Tuesday, May 19, 2009

There's a Message in What We Buy, but Nobody’s Listening

I love this stuff! I'm sure there's a road map between the pathway hinted at by Dr. Miller between the practicality of our shared evolutionary history and our moral aspirations that is filled by faith and biblical theology - since morality, beauty, truth, purpose, meaning and love have no purchase or traction in a naturalistic landscape. (And, yes, of course I'm familiar with evolutionary psychology memes on the naturalistic purposes of religion and love, but these theories, understood, only make my point).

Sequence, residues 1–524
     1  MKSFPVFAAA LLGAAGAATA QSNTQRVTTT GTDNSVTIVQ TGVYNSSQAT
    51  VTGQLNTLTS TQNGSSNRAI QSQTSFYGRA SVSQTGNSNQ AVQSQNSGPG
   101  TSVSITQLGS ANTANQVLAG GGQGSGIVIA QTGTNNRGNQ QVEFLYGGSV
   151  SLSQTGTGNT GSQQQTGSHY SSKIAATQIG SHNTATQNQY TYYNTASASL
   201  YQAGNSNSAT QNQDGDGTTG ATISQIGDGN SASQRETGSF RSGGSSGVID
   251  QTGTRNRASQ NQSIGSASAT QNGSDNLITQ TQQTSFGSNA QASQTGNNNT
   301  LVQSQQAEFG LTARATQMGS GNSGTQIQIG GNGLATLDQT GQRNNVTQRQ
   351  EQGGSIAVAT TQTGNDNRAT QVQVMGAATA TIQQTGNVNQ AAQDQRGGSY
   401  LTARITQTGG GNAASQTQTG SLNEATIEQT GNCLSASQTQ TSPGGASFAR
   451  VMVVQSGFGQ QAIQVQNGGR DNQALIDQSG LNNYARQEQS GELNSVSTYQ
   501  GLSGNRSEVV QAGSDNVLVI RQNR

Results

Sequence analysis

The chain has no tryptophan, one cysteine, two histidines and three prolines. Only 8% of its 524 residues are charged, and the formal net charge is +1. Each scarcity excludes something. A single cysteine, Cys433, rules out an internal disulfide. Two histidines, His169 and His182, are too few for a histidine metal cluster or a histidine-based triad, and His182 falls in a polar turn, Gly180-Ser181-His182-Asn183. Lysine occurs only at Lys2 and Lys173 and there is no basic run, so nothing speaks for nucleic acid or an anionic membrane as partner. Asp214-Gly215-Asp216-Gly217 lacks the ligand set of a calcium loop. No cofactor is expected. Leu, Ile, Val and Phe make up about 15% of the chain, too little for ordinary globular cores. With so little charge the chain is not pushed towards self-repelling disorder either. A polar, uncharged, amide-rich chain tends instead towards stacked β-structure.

An excerpt:

To get over your consuming obsessions, Dr. Miller suggests exercises like comparing the relative costs and pleasures of the stuff you've bought. (You can try the exercise at nytimes.com/tierneylab.) It may seem odd that we need these exercises — why would natural selection leave us with such unproductive fetishes? — but Dr. Miller says it's not surprising.

"Evolution is good at getting us to avoid death, desperation and celibacy, but it's not that good at getting us to feel happy," he says, calling our desire to impress strangers a quirky evolutionary byproduct of a smaller social world.

In other words, evolution has real value up and until the point of sentient thought. After that, not so much.  Could be an interesting study for believers...

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